It has been one of the worse flu seasons in 10 years for us humans; and now the epidemic is spreading within the dog community as well...
According to abcnews.com, a rare canine flu outbreak has occurred in the midwest United States - specifically Illinois, Wisconsin, and Indiana - and has already affected over 1,000 dogs, 5 of which have died.
"We have not seen it this bad in this area yet; but remember, dogs are as mobile as people are nowadays," said Dr. Donna Alexander of the Cook County Department of Animal and Rabies Control.
Dr. Alexander and other professionals in the field of canine health care are reminding people that much like humans, proper measures of sanitation and vaccination should be taken to prevent the spread of the virus. Similarly to us two legged folk, the dog flu virus "can be caught from sneezes and coughs, nose-to-nose contact or from infected surfaces." (via abcnews.com). Symptoms are also similar to human symptoms - fever, cough and fatigue are common.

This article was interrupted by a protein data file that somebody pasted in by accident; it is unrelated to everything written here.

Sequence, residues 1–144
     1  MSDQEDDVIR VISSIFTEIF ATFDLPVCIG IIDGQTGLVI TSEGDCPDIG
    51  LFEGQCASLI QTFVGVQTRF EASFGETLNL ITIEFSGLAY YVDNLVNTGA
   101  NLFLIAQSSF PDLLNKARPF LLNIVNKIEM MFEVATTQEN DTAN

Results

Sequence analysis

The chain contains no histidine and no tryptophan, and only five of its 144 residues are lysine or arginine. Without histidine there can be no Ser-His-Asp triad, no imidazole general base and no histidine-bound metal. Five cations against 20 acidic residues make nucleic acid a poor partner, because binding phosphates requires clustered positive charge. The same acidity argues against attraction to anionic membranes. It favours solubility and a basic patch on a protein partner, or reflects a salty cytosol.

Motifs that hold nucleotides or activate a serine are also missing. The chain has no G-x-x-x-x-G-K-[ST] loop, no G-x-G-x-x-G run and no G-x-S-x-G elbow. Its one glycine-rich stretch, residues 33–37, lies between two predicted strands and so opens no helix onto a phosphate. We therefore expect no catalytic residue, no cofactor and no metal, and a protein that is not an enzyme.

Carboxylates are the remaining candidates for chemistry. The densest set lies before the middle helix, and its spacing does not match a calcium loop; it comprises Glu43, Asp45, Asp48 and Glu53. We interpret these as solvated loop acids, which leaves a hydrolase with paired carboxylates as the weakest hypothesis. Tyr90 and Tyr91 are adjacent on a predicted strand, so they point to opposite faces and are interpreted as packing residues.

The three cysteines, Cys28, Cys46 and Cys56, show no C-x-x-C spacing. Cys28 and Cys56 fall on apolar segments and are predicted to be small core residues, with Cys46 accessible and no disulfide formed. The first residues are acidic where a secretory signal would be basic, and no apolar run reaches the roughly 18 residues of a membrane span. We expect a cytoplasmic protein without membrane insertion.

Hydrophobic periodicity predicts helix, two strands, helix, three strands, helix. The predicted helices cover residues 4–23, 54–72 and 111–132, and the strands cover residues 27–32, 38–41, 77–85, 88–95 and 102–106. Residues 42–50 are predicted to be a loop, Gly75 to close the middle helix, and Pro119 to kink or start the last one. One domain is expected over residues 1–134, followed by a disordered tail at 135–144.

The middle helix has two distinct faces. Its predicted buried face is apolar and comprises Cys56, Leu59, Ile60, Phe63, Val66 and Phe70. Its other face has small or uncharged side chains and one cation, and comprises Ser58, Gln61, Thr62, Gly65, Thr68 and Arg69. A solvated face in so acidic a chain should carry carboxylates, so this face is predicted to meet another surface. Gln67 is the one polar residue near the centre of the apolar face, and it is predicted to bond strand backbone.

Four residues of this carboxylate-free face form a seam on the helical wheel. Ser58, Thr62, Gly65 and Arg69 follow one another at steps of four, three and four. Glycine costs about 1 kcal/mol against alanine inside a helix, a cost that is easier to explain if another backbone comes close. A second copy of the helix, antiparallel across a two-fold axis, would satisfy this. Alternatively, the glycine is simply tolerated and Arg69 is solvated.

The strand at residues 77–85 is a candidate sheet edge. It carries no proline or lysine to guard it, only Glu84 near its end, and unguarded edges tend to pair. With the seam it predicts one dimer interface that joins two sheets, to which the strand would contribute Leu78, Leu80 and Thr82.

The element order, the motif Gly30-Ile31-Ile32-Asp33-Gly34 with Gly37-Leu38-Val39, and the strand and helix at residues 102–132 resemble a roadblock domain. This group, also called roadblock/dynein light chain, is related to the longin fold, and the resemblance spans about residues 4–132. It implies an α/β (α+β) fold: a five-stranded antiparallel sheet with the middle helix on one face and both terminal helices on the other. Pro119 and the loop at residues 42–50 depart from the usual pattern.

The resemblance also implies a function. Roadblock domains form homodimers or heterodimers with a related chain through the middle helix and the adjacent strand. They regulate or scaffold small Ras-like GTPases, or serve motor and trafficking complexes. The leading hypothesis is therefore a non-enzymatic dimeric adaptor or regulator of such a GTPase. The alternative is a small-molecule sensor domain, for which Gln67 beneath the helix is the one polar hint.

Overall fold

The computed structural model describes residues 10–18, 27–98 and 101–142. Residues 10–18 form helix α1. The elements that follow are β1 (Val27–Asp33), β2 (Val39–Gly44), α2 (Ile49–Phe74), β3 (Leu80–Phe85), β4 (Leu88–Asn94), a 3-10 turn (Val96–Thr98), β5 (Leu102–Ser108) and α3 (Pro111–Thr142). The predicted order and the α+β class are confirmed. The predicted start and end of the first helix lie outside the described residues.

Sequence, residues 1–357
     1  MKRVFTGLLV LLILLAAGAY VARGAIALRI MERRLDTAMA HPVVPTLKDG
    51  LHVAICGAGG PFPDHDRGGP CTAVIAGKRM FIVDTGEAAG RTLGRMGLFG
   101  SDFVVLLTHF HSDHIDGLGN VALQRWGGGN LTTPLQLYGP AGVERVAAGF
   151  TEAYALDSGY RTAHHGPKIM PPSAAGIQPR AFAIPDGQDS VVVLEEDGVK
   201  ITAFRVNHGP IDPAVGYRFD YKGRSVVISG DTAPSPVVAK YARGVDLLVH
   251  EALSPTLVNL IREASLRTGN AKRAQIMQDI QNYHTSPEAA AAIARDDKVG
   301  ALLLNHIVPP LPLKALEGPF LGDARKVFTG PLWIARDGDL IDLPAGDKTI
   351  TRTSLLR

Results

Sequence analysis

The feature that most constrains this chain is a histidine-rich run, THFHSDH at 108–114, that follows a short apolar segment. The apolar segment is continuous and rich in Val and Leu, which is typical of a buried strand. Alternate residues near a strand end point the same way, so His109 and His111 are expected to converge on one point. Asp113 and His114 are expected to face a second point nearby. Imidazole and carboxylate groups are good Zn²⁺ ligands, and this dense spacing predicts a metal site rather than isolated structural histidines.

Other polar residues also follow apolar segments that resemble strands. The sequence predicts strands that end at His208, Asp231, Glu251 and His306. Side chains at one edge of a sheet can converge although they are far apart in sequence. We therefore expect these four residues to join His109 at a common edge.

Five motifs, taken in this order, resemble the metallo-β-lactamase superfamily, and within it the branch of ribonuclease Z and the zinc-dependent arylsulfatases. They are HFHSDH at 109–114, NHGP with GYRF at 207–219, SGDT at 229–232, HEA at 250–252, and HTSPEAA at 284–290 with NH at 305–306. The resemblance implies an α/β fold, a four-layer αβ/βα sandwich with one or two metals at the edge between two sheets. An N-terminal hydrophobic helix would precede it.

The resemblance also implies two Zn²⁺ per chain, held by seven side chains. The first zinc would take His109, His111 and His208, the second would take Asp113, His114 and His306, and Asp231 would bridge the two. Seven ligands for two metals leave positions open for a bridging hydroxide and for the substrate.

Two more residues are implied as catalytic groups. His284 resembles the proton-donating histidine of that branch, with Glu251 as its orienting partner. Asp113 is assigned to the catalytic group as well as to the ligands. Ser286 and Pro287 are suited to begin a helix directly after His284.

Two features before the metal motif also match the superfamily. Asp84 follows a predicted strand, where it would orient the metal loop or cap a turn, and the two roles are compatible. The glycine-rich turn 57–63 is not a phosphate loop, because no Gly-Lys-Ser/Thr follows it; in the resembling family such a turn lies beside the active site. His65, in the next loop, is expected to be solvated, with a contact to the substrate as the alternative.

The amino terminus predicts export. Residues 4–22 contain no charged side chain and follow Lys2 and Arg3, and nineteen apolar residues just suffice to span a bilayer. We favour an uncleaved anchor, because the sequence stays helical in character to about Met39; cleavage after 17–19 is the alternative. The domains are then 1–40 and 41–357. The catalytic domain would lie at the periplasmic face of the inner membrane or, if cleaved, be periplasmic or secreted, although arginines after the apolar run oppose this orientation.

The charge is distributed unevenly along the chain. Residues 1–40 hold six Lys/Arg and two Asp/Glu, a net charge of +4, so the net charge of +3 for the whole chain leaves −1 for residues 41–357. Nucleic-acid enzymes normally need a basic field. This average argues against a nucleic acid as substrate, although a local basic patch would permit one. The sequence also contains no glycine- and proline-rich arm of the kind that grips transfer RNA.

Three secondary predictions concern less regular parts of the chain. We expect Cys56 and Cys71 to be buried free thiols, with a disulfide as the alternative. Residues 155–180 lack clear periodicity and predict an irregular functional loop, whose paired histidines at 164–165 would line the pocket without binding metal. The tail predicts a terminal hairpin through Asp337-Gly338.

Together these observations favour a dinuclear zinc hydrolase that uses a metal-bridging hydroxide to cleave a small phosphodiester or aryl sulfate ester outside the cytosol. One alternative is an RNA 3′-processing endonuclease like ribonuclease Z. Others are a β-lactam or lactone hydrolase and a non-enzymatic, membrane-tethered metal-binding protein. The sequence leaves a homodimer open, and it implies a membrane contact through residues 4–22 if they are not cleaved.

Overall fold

Some dog parks in the Chicago area are even posting warning signs for dog owners who have their dog in areas where lots other dogs are present, until the virus has run it's course.
And despite the canine flu being fairly rare in the pet community, dog owners are still encouraged to have their pups receive flu shots as a precaution - just keep in mind it can take 28-32 days for the vaccine to take effect.
Fortunately, for as widespread as the canine flu has been in the Midwest, it is rarely fatal.
But if you're worried about your pup, bring them to your local vet to be safe.
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